I had new shutoffs and new flex supply lines installed by a professional plumber a few months ago. Today, I installed a new faucet because mine was very old and starting to fail. I installed everything successfuly however I am now noticing an extremely minor leak in my cold water supply line. Basically, I can run the water for 5 minutes and nothing would happen but when I shut off the water at the faucet, a few seconds later, I get a tiny drop of water build and drip from the area I outlined below.

I didn't disconnect the supply lines from the shutoff values when installing the new facuet so I figured that maybe I losened it slightly by mistake during installation. I tightened it as much as I could, just to be safe, but the problem seems to still be happening.

Any ideas?alt text

2 Answers 2


The joint that you are pointing to in your picture is a compression joint. Usually a little bit more tightening of the nut will stop it. If you are absolutely sure you can't get another 1/8 or 1/4 turn on the nut, then simply shut off the valve and replace the hose. The Teflon tape mentioned in the previous answer is necessary on new hose threads, but has nothing to do with a leak in the joint you are leaking from.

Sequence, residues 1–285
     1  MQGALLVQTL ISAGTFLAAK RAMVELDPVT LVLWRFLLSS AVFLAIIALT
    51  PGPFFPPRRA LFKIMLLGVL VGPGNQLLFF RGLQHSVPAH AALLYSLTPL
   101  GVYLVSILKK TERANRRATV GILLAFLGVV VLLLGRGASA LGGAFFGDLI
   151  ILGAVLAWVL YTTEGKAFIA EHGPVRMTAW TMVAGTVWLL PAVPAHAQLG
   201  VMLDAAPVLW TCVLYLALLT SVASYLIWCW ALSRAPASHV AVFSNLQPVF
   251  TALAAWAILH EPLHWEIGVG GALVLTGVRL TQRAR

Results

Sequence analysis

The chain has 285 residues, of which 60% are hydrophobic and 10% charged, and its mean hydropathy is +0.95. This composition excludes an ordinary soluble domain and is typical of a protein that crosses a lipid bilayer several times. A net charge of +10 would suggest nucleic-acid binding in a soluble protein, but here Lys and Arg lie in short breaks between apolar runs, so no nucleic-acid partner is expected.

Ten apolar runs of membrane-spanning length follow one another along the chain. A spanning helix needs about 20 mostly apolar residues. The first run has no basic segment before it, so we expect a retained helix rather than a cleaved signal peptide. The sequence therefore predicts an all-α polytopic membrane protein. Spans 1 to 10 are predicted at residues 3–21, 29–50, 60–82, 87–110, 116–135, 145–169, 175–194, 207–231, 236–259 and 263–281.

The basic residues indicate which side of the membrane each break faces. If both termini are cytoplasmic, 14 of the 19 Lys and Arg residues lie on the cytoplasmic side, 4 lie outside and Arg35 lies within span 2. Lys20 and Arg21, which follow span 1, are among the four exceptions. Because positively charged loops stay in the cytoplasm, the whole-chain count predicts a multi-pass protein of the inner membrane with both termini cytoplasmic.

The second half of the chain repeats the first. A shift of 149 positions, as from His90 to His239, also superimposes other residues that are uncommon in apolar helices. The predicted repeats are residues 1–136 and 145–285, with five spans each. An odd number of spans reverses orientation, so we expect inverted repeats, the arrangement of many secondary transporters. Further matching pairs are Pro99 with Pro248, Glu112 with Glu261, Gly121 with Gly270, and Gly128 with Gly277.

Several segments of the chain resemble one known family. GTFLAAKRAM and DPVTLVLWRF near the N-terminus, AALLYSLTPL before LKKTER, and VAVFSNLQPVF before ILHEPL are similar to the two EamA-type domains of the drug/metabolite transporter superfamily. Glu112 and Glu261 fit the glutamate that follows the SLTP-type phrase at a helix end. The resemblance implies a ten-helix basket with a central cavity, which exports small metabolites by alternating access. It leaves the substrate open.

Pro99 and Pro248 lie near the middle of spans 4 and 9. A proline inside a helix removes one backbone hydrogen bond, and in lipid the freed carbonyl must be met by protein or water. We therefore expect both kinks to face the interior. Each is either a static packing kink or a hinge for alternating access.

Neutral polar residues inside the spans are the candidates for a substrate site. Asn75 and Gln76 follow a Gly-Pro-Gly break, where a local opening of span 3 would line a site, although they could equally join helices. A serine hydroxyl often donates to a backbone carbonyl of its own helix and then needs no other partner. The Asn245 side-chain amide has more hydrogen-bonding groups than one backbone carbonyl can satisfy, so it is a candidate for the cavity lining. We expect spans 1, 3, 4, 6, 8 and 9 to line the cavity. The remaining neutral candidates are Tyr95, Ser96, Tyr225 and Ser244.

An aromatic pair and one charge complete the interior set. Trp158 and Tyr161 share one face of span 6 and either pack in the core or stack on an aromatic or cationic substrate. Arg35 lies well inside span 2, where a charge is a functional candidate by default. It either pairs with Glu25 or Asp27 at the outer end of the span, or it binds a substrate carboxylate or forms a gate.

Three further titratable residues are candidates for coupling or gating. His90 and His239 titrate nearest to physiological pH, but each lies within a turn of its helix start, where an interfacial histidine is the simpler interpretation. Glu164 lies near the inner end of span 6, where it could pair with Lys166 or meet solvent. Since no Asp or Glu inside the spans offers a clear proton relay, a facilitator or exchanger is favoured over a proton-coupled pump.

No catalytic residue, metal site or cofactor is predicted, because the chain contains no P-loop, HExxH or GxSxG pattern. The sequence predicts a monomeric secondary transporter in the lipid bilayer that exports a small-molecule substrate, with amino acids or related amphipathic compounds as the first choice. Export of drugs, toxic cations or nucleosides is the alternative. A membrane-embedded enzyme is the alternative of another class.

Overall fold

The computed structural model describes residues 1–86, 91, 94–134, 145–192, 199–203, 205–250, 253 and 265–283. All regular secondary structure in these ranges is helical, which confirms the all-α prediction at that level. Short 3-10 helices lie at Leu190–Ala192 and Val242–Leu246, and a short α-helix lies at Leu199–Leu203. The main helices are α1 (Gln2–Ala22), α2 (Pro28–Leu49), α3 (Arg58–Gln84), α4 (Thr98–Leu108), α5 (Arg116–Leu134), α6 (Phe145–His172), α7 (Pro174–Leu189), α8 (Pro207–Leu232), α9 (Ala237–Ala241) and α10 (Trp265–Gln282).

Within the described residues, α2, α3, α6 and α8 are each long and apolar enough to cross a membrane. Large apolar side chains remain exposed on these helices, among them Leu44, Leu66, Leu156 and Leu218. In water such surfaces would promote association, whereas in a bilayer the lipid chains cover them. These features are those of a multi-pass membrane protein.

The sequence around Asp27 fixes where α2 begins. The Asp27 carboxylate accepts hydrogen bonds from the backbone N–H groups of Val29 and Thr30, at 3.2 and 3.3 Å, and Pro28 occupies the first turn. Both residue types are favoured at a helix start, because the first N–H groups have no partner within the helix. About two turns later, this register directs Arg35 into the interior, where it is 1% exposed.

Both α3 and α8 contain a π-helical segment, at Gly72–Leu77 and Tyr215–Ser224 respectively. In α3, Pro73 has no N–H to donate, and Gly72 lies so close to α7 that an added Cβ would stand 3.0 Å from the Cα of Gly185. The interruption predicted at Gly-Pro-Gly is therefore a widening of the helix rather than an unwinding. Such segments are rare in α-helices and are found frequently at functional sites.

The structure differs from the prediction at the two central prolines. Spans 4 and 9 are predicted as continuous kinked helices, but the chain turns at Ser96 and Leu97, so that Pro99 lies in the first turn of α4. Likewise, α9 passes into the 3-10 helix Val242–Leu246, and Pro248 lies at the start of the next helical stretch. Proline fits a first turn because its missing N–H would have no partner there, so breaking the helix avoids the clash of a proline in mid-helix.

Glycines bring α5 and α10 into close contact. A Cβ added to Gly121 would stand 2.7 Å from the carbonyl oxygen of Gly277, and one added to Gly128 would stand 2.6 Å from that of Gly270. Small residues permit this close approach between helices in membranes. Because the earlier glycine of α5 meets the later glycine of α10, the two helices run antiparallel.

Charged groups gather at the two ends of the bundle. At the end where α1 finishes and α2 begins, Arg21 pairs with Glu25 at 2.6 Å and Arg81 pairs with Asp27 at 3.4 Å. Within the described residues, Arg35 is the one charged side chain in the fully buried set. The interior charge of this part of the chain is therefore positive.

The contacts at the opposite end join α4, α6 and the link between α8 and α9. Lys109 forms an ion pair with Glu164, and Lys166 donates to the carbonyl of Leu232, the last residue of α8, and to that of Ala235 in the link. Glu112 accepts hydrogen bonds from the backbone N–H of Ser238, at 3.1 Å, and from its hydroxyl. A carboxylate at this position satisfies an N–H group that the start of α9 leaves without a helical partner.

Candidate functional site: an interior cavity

• The leak has mysteriously stopped all of the sudden. I have one of those water alarms under there and I'm just going to keep an eye on it. Thanks for your help.
    – Brian
    Jan 9, 2011 at 3:59

I'd shut the water off to that tap, unscrew the joint and apply some PTFE tape to the thread before reattaching the flex pipe.

Over the years I've found that joints that were previously OK can start weeping when the system is disturbed in some way, so this isn't unusual.

  • I'd think that the leak would come from "under" the nut if that was the case and not where I pointed out above (then again, I don't know anything about plumbing, heh)
    – Brian
    Jan 9, 2011 at 0:29
  • @Brian - Ah - I see now. Looking at the other pipe makes it a clearer.
    – ChrisF
    Jan 9, 2011 at 12:22

Your Answer

By clicking “Post Your Answer”, you agree to our terms of service and acknowledge you have read our privacy policy.

Not the answer you're looking for? Browse other questions tagged or ask your own question.